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Saturday, 14 August 2010

Winning is everything in politics and sometimes it's also the main game for the media. At least according to Jay Rosen, a professor of journalism at New York University.

Rosen visited Australia as a guest of the Media, Entertainment and Arts Alliance this month and spoke at the union's annual Walkley Media Conference, which was held in Sydney. He also spoke to academics and appeared on the ABC's Lateline news commentary program on Thursday night.

Asked about his notion of "horserace journalism", Rosen elaborated at some length, pointing out that it is a very easy way to do journalism compared to concentrating on "what the country needs to settle by electing a prime minister" - in other words, 'issues' journalism.

He illustrated this when asked by host Leigh Sales to explain his experiences. Rosen's exposure to a one-hour 2008 radio documentary changed his perception of stories about the GFC, he said, because it gave him the required set of cognates necessary for understanding the "incremental stories" that appear over time. Rather than being "turned off" by reporting on the GFC, he was now engaged.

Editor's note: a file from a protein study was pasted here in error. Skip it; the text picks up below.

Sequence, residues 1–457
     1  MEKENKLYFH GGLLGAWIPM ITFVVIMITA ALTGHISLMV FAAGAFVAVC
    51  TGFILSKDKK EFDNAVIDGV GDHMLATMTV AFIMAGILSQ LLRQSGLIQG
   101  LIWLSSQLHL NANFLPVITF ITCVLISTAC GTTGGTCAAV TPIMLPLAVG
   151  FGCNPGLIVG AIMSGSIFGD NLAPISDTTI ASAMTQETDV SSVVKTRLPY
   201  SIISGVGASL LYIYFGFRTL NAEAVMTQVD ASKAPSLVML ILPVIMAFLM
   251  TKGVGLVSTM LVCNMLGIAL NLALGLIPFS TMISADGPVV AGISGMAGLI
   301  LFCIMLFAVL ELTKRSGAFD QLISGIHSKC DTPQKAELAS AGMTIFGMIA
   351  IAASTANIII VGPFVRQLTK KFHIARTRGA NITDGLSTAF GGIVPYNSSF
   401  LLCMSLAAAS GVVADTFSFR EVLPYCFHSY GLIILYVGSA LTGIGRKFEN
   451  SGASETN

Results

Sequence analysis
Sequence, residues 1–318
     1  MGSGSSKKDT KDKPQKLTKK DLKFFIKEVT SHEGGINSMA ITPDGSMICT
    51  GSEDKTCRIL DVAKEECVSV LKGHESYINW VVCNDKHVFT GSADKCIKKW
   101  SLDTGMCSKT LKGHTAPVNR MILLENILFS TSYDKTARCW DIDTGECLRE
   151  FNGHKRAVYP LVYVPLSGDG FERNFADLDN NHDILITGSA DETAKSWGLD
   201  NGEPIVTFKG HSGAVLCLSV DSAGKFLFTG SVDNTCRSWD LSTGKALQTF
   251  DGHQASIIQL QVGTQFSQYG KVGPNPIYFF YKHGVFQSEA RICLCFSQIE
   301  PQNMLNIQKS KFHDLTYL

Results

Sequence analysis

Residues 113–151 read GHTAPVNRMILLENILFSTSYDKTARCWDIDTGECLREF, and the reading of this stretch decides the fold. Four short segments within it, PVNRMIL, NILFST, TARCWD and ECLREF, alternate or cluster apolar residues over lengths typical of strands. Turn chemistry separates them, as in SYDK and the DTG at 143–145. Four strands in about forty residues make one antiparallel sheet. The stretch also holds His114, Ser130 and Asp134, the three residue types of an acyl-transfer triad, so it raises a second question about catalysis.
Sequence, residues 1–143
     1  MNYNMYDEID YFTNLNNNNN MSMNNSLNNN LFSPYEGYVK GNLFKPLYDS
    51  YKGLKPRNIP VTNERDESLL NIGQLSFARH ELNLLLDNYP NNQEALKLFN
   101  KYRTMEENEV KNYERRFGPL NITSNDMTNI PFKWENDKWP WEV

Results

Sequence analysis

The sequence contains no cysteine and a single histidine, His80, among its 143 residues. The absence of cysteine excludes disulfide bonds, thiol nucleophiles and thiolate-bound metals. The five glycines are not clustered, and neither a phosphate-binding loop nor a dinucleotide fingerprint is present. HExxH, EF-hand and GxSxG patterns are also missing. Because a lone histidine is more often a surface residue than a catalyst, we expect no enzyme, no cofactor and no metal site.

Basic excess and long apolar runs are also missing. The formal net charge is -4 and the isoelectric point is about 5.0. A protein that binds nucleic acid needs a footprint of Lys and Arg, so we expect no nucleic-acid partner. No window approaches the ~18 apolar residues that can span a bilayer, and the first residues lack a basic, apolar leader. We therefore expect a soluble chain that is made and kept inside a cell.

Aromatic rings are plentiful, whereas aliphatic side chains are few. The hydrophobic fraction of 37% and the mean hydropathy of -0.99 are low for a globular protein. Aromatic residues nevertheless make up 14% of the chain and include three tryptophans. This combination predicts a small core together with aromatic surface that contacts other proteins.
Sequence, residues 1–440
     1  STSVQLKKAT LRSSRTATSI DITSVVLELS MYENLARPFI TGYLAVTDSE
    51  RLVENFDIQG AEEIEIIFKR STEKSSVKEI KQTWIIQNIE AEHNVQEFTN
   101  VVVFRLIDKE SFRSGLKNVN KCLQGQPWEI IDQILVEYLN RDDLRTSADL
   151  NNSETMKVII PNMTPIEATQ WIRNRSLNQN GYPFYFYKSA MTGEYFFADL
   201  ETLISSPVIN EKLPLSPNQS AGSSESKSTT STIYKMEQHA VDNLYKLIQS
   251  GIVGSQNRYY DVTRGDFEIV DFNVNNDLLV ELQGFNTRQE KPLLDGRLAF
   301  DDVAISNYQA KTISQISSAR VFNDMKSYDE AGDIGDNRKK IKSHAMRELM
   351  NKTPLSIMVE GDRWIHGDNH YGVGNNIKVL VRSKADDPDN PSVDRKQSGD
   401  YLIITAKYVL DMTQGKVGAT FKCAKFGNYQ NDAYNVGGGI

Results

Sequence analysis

But Sales didn't take time to touch on another topic Rosen has been talking about for some years, which is "he said, she said journalism". This is unfortunate, as this aspect of contemporary media practice has a lot to do with that fundamental concept of reporting, which is 'objectivity'.

When I spoke with an old school mate last month about his new book, which I reviewed earlier this month, we talked about his venturing into the realms of creative non-fiction, or literary journalism.

After mentioning an influential writer, Adam said that objectivity is a debatable quantity in journalism. Of course I agreed but then he began to suspect that a can of worms was about to be opened and made his exit, joining others milling about the big room on the top of the cliff where we had congregated to renew contact after a period of 30 years.

Of course it's debatable, which is why Sales frankly disappointed me in missing this chance to update Australia on this seminal thinker's views on a subject that is rarely discussed here, if anywhere.

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